Florida State University Panama City to host African art collection


PANAMA CITY – The nationally recognized Kinsey collection of African American art and history will arrive at Florida State University Panama City in April 2022.

“We are honored to have an exhibition of this caliber coming to FSU Panama City,” said Dean Randy Hanna. “This collection documents not only American history, but also the enormous contribution of black artists to American culture.”

The traveling exhibit will showcase historical artifacts, artwork, and documents – from a bust of Frederick Douglas to a letter signed by Malcolm X – at the Holley Academic Center at FSU Panama City from April 1 to July 3, 2022.

“History is not a black story; it’s an American story, ”said Bernard Kinsey, whose collection with his wife, Shirley, spans more than 40 years. “We are really proud of our work and think it’s the kind of work America needs right now.”

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Florida natives Bernard and Shirley Kinsey met at Florida A&M University in Tallahassee, and after getting married in 1967, they set a goal of traveling to 100 different countries in their lifetimes. The Kinsey Collection project began with the couple’s desire to instill an appreciation for the arts of cultures around the world in their son, Khalil, and to support emerging artists.

But it was their son’s family history assignment for school, when they realized they could only trace their family tree for four generations, that led them to uncover or “rediscover” history. African American that had not been told.

“Really, we think this is a human story about human experience and connection, illuminating the unknown story,” said Khalil Kinsey, chief operating officer and curator of the collection.

The collection tells a part of American history through paintings, manuscripts, rare books and African American letters. Rare and primary source historical artifacts and artefacts date from 1595 to the present day, and art created by African-American artists dates from 1865.

“In 2005, the LA Times wrote an article, ‘The Walls Do Talk,’ which caught the attention of the African American Museum in Los Angeles, because of the balance between art and historical narrative,” Khalil said. . “Other museums have noticed it. We share information in a unifying way. The collection was housed at the National Museum of American History at the Smithsonian Institution and was the first of its kind to be on display at Disney World’s Epcot. We did our first international show in Hong Kong.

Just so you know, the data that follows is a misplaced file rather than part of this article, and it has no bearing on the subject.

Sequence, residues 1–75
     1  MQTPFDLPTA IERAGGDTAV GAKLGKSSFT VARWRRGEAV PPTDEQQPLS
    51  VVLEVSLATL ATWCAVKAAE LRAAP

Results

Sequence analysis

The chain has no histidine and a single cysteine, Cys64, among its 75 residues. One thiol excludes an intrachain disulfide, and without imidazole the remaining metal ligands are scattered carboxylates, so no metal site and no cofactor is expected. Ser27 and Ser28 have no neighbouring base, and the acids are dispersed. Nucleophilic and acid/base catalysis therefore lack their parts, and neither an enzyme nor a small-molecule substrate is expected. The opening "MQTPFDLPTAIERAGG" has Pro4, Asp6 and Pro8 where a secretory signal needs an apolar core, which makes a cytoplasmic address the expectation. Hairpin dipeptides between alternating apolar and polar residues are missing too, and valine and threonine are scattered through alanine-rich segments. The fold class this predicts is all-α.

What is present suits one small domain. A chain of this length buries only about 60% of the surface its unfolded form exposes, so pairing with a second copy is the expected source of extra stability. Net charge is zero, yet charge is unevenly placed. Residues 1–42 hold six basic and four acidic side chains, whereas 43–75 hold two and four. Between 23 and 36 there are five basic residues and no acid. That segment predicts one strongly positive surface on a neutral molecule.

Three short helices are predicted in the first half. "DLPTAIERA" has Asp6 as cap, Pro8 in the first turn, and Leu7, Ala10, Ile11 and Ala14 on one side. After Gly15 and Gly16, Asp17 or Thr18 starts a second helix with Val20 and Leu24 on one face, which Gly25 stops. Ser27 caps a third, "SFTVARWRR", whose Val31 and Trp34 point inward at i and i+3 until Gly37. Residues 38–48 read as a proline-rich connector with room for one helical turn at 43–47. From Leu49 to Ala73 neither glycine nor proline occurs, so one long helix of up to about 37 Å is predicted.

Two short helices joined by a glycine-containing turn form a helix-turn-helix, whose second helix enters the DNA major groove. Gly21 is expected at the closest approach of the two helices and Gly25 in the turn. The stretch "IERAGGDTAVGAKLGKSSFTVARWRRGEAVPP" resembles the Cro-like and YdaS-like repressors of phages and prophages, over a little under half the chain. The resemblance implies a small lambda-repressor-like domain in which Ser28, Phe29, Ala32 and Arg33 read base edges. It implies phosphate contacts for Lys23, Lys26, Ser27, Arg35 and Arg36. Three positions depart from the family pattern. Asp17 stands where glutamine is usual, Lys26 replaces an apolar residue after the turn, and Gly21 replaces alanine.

Over the past 15 years, as a traveling exhibition, the Kinsey Collection has been viewed by over 15 million people. The exhibition opened at museums such as the California African American Museum in Los Angeles, the National Underground Railroad Freedom Center in Cincinnati, the DuSable Museum of African American History in Chicago, and the Norton Museum of Art in West Palm Beach.

The Kinseys recently shared their trip to the exhibition’s 33rd opening at the Tacoma Art Museum in Tacoma, Wash., For a segment of NBC’s “Today Show”, which airs on August 23.

The Florida Department of Education adopted the Kinsey Collection as the basis for teaching 3.6 million students about African American history. The family has also published an accompanying book, “The Kinsey Collection: Shared Treasures of Bernard and Shirley Kinsey,” which features items on display in the exhibit as well as other items of interest from their collection.

“We have a saying,” said Bernard Kinsey, who retired as a Xerox executive 30 years ago. “God, give me a gift to give to someone else who needs it more than me. The Kinsey Collection embodies it – how people who had so little did so much.

The Panama City Expo is sponsored in part by another family business – Panama City Toyota, which has offered a donation of $ 25,000 to help publicize the exhibit to the community.

“A mutual friend brought us together for the first meeting and it resonated with me,” said Greg Finley, Panama City Toyota Senior Dealer. Finley said he sees this as an opportunity to challenge ambivalence in the racially tense climate of recent years. “I thought, ‘What can I do in the vast universe of problems?’ This collection was used to answer partially, if not completely.

The community is invited to get involved in the cultural celebration of American history during the Kinsey Collection’s three-month exhibit at FSU Panama City. Speakers, artists and vendors are encouraged to be part of the inclusive celebration highlighting the contributions of African Americans, and schools in the region are invited to visit the exhibit.

Robert Gates, Managing Director of Panama City Toyota, said, “When we start talking about it, it’s so easy to get excited. “

A Zoom with the Kinseys event is scheduled for November at the FSU Panama City campus ahead of the exhibit opening in April 2022.

“Because we believe so strongly in the impact this collection will have, we are personally invested through our speaker fund,” said Mary Beth Lovingood, Director of Development at FSU Panama City. “This is a great opportunity for other interested investors like Panama City Toyota to share with our community an appreciation for American history and art. “

For sponsorship opportunities, contact Lovingood at 850-445-3250 or [email protected] To get involved in the event, organizations and schools can contact Dr Irvin Clark at 850-770-2101 or [email protected] For more information on the Kinsey collection, visit www.thekinseycollection.com.


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